The above-discussed prior art cannot accurately measure the time-of-flight of ultrasonic waves in load bearing members. The measurement errors have magnitudes which are multiples of the period of the carrier frequency of the associated signal bursts. Ambiguity in identifying corresponding cycles between two received echo signals is the cause of this error. Errors in load determination may result particularly when the measured load changes suddenly (as when tightening with impact and impulse tools) or when techniques such as described above in Holt are used to make absolute measurements of load.
The pulse-echo-overlap method has been used to measure ultrasonic time-delay and to accurately measure the cyclic overlap and phase velocity. For example, Papadakis, Emmanuel P., Ultrasonic Velocity and Attenuation: Measurement Methods with Scientific and Industrial Applications, Volume 12, pp. 277-97 (Edited by Mason, Warren P., 1976) and Ultrasonic Phase Velocity by the Pulse-Echo-Overlap Method Incorporating Diffraction Phase Corrections, J. Acoust. Soc., 10.6; 11.3, pp. 1045-51 (1967) describe a method of measuring ultrasonic wave velocity and travel time in materials and structures. The method measures the TOF of radio frequency signal bursts in nondispersive media using an ultrasonic time intervalometer, an oscilloscope, and a transducer on a buffer rod. The correct determination is dependent on the McSkimin Δt criterion which is defined as: ##EQU1##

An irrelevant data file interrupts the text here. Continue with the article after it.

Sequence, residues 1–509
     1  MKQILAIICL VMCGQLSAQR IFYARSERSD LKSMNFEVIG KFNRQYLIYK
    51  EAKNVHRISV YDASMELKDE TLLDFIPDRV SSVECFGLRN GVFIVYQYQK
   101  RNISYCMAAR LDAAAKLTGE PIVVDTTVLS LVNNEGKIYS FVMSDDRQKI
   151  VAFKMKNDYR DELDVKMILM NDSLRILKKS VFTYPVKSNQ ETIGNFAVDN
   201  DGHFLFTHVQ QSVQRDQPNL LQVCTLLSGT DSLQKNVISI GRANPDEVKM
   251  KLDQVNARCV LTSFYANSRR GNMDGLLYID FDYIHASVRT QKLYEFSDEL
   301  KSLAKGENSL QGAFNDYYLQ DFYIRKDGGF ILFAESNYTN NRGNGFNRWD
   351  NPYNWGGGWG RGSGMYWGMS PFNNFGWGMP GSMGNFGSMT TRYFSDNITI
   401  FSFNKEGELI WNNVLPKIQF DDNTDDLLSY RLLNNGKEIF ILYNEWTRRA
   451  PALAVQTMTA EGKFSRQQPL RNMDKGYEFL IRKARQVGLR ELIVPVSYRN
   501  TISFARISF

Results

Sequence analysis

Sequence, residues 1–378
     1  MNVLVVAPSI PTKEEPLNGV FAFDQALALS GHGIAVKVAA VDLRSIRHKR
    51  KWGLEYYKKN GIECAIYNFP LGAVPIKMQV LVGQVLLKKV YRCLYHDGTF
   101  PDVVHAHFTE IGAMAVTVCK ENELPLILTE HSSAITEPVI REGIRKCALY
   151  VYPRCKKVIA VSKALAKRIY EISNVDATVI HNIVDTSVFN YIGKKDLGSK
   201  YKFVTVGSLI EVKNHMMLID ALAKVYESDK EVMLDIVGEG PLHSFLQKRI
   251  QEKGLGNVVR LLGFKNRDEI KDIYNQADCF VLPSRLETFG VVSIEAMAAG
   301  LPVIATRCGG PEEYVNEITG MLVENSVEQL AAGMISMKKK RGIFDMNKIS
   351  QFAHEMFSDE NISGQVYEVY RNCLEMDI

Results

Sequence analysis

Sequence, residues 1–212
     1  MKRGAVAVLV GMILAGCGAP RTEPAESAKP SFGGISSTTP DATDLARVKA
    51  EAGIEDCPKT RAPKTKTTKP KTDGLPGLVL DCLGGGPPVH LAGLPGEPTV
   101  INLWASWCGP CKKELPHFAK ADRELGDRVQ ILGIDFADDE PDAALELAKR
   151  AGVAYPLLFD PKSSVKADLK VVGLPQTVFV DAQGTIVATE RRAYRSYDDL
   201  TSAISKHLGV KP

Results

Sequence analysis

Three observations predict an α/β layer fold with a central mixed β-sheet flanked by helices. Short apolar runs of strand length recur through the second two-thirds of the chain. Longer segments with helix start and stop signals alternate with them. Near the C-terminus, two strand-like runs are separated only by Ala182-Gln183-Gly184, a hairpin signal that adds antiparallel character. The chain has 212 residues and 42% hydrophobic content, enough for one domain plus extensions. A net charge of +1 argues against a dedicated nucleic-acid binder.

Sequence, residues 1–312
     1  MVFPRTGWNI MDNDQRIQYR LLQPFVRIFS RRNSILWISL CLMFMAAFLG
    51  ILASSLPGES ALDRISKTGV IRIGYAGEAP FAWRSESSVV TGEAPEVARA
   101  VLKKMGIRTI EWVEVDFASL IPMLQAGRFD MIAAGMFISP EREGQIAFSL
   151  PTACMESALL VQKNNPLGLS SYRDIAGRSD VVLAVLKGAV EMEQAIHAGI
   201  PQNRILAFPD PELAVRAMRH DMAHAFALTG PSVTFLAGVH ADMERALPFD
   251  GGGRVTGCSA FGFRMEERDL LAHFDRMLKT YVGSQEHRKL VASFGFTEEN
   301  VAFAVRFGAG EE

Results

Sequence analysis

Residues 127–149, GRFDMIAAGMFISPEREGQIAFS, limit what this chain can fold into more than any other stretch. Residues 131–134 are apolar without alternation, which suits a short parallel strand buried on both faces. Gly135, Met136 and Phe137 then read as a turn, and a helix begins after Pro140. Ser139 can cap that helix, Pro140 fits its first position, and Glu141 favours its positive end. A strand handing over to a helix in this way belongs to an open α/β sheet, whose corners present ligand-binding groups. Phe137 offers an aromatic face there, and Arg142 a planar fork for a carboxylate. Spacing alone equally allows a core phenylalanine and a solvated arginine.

where ƒL and ƒH (ƒH is the resonant frequency (ƒR) of the transducer) are the higher and lower frequencies differing by about 10%; P is the number of round trips between the echoes used in the measurement; γL the phase shift characteristic of the specimen-transducer interface at the low frequency; γH is the phase shift characteristic of the specimen-transducer interface at the high frequency; n is the number of cycles of mismatch from echo to echo; and tL and tH are the TOF values for the two frequencies. For example, ƒL may be about 0.9 ƒH.
To overcome the shortcomings of not providing reliable and robust time-of-flight measurements of ultrasonic waves in materials, a method of measuring the time-of-flight of ultrasonic waves in materials is provided. An object of the present invention is to provide a method of making accurate and reliable ultrasonic tensile load measurements, for example, with impulse and impact fastener assembly tools.
To achieve these and other objects, and in view of its purposes, the present invention provides a method of measuring the elapsed time between receiving a first signal burst (echo) and a second signal burst (echo), including identifying corresponding cycles on the first and second signal bursts. The accurate elapsed time may be determined by measuring the elapsed time at two frequencies and calculating the difference between the two elapsed times.
In one embodiment, the method includes: